– Climate change and increasing desertification have heavily impacted the food system of the Kel Tamasheq, especially the withering of Lake Faguibine, intensifying the community’s dependence on markets.
China’s building spree in Nepal casts shadow over Himalayan ecosystem By: Johan Augustin [31 Dec 2021]
– China’s role in Nepal has intensified in the period since the 2015 earthquake, mostly in the form of investments in rebuilding projects. In 2019 alone, China initiated a series of projects, including factories and hydropower plants, worth $2.4 billion in Nepal.
– Many of the infrastructure projects run through sensitive environments, including national parks, and the construction of hydropower plants has been criticized by environmental organizations and local communities for destroying river ecosystems.
– For example, work on the Rasuwagadhi hydroelectric project, part of China’s Belt and Road Initiative, resumed in 2016, despite protests from locals who blamed the dam for mass fish deaths.
Court order blocks Shell’s seismic surveys off South Africa’s Wild Coast By: Mongabay.com [31 Dec 2021]
– A petition by environmentalists, Indigenous groups and fisheries organizations succeeded in temporarily halting oil giant Shell’s plans to conduct seismic surveys off South Africa’s Wild Coast to prospect for oil and gas reserves below the seabed.
– Conservation groups cited the potential impact on the breeding grounds of southern right whales and humpback whales, and the effect on the local fisheries sector.
– The recent order hinges on whether affected communities that hold traditional rights, including fishing rights in the waters, were properly consulted.
– The judge ruled that they were not, while also noting that concerns about irreversible harm to marine life were “reasonable.”
Sinkholes emerge in rural Kenya after series of floods, droughts By: Kang-Chun Cheng [30 Dec 2021]
– In recent years, a number of sinkholes have emerged in Baringo county, a geologically active region in western Kenya’s Great Rift Valley.
– According to geologists, their appearance can be linked both to the worsening impacts of climate change through floods and droughts, and local communities drilling boreholes along precarious fault lines to access more water.
– According to members of the community, the sinkholes have yet to spur the county or the government into action, with food aid currently provided by local human rights organizations.
– Increases in floods are driving human-wildlife conflict for space, and pastoralists are having difficulty adapting to environmental changes.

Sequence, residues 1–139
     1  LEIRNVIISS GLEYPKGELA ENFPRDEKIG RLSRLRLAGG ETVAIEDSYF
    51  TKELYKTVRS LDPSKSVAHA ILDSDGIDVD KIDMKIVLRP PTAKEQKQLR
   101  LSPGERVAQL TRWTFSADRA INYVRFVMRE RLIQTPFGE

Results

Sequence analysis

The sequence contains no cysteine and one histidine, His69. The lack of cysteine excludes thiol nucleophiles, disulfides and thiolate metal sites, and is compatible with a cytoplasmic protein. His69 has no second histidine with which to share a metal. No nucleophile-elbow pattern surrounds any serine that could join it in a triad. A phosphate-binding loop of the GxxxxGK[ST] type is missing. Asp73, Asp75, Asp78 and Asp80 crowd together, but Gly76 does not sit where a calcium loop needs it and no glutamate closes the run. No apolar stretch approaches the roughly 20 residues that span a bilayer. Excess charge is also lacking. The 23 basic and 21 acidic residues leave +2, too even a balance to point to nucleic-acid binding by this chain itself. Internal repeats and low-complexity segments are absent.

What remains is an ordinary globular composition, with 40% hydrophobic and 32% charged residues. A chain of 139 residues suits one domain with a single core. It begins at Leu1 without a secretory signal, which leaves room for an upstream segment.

Burnt pellets complicate impact of plastic spill off Sri Lanka, study finds By: Malaka Rodrigo [30 Dec 2021]
– Volunteers cleaning up after the sinking of the X-Press Pearl in Sri Lanka say they’ve encountered a lot of burnt nurdles, the basic building block of plastic products, during the initial stages of the cleanup operation.
– A newly published paper highlights how burnt nurdles complicate the environmental challenges — making cleanup operations harder and much more complex, besides proving highly detrimental to marine life.
– The Sri Lankan government has called on the international community to enact new regulations in shipping transportation, landing and loading in order to reduce the risk of accidents like the X-Press Pearl disaster.
Agricultural frontier advances in Nicaraguan biosphere reserve By: Leonardo Guevara [30 Dec 2021]
– The Río San Juan Biosphere Reserve in Nicaragua encompasses some 1.8 million hectares, as well as smaller protected areas such as Indio Maíz Biological Reserve, Los Guatuzos Wildlife Refuge, the Fortress of the Immaculate Conception, Bartola Nature Reserve, and the Solentiname Islands.
– The Río San Juan Biosphere Reserve lost around 600,000 hectares of forest between 2011 and 2018.
– Satellite data show forest loss has intensified in the northern and central parts of the reserve since 2018, and only fragmented portions of primary forest remain.
– Sources said that the Ministry of Environment and Natural Resources and the National Forestry Institute are responsible for ensuring the effective conservation of the country’s protected areas, but that they are not currently fulfilling their monitoring duties.
Mongabay’s Top 10 Indigenous News Stories of 2021 By: Latoya Abulu [30 Dec 2021]
– To date, 2021 has proved to be one of the most consequential years for Indigenous rights and participation in global climate and conservation efforts.
– In some parts of the world, Indigenous communities saw support for their rights increase, while in others, threats to their land rights by extractive industries continued unabated.
– To end the year, Mongabay rounds up the top 10 Indigenous news stories of 2021.
The year in rainforests 2021 by Rheet A. Butler [12/29/2021]
‘Land mafia’ makes its mark in a Sumatran village’s fight against oil palm firm by Hans Nicholas Jong [12/28/2021]
‘Unprecedented’ fires in Madagascar national park threaten livelihoods and lemurs by Hans Nicholas Jong [12/23/2021]
- Mongabay is offering new jobs for visual storytelling [12/14/2021]
- Steve Rhee adds 30 years of climate and community rights experience to Mongabay’s Board of Directors [12/09/2021]
- Shining light on a palm oil giant in Indonesia | Mongabay Impacts [12/06/2021]
- How Mongabay exposed corruption at Rapa Nui | Mongabay Impacts [11/24/2021]